It's time to take the phrase "gonzo journalism" behind the barn and put a bullet between its dilated pupils. Happily, I'm not calling for the death of gonzo due to a bad book of reportage, but because I've read what might be the best journalism to be released in 2007. Joe Bageant has been writing "dispatches from America's class war" at for years, and this is his memoir of what it's like to be a liberal progressive living in the kind of poor Virginia town that helped George W. Bush skate to victory in 2004.

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Bageant is frequently called a gonzo journalist, and that's a shame; there's none of the hyperbole that jackasses have been dutifully copying since Hunter S. took his first Quaalude. In this case, calling Bageant "gonzo" seems to be almost a diminutive, cordoning his book off to the wacky end of the bookshelf, when it should be required reading for any progressive liberal who wants to create meaningful political change starting next year.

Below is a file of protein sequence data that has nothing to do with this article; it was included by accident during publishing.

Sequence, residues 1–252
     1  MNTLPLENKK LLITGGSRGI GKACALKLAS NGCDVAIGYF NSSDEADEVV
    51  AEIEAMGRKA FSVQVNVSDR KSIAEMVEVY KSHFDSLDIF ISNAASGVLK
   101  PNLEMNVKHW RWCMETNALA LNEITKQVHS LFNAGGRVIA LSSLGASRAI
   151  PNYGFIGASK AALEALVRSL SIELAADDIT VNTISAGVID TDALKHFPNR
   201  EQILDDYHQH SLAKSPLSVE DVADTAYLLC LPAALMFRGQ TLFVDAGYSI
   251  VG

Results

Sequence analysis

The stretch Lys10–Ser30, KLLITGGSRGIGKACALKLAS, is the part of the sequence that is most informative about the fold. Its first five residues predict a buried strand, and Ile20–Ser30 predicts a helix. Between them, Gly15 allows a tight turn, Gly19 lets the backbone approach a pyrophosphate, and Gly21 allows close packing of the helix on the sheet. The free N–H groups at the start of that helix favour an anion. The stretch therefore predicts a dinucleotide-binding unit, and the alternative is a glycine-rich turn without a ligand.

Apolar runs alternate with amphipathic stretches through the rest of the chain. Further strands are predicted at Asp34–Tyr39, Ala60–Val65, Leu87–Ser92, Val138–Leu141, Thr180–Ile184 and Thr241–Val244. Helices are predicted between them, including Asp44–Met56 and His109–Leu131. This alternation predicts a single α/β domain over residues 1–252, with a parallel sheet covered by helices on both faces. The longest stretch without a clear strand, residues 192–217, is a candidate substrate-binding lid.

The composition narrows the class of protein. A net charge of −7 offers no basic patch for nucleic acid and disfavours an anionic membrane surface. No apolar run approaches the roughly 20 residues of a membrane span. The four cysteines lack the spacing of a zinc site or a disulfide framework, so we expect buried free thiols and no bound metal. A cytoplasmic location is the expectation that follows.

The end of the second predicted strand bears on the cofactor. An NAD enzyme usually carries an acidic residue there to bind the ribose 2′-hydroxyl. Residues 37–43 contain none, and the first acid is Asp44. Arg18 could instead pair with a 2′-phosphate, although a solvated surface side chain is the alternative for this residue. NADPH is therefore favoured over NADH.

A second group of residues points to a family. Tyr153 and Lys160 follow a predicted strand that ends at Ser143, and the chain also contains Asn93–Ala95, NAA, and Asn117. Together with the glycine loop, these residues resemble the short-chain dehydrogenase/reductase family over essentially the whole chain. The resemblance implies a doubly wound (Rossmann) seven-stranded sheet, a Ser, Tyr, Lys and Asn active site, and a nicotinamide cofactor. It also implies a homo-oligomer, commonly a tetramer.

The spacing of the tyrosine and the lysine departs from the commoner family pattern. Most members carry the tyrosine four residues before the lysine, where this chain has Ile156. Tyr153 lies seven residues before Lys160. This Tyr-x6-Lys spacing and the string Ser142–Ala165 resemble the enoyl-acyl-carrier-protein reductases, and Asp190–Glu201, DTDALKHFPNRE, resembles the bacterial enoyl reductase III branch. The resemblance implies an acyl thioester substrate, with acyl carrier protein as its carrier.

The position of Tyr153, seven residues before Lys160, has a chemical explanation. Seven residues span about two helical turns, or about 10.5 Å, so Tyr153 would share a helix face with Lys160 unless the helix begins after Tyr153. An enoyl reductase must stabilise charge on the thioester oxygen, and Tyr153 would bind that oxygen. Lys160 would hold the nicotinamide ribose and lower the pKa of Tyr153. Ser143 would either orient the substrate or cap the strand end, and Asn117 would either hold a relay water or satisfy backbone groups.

Bageant explains exactly why America's lower class keeps shooting itself in the foot on matters like unions, health care, and education. Most importantly, though, this isn't some New York reporter who stashed himself away into red state America for a year; Bageant actually loves his townsfolk, with all political differences set aside, and he gives them—fellow Americans—the respect that they deserve.